• heart or blood pressure medication such as diltiazem (Cardizem, Dilacor, Tiazac), nifedipine (Procardia, Adalat), verapamil (Calan, Covera, Isoptin, Verelan), and others; or

  • seizure medication such as carbamazepine (Carbatrol, Tegretol), phenytoin (Dilantin), and others.

This list is not complete and there are many other medicines that can cause serious drug interactions with amiodarone. Tell your doctor about all the prescription and over-the-counter medications you use. This includes vitamins, minerals, herbal products, and drugs prescribed by other doctors. Do not start using a new medication without telling your doctor. Keep a list with you of all the medicines you use and show this list to any doctor or other healthcare provider who treats you.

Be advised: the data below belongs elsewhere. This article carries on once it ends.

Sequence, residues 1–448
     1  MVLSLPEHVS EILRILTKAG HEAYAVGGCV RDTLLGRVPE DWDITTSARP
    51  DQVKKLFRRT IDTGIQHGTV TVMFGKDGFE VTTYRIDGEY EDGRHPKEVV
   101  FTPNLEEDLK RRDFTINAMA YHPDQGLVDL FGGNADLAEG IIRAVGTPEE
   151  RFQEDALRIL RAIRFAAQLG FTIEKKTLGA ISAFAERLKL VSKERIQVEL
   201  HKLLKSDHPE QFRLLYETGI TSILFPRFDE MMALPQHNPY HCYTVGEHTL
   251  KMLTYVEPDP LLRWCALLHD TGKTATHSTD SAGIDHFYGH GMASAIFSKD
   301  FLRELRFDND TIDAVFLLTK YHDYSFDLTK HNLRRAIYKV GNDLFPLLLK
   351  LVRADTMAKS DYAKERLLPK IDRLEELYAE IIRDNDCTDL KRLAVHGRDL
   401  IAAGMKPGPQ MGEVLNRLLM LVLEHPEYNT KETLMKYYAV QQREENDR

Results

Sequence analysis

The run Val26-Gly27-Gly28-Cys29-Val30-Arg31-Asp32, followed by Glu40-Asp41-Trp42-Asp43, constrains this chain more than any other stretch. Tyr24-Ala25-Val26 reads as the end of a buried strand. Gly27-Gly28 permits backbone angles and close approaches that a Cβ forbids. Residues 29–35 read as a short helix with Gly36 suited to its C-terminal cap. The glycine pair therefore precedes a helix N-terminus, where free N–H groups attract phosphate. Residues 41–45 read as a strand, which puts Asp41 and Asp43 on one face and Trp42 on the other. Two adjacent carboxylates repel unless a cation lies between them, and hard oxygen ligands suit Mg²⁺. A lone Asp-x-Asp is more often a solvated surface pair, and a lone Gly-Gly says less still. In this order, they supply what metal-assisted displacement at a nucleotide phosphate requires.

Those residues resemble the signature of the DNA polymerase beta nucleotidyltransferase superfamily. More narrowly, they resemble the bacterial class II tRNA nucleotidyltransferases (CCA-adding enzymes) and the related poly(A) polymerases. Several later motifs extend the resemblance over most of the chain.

Where can I get more information?

  • Your pharmacist can provide more information about amiodarone.
  • Remember, keep this and all other medicines out of the reach of children, never share your medicines with others, and use this medication only for the indication prescribed.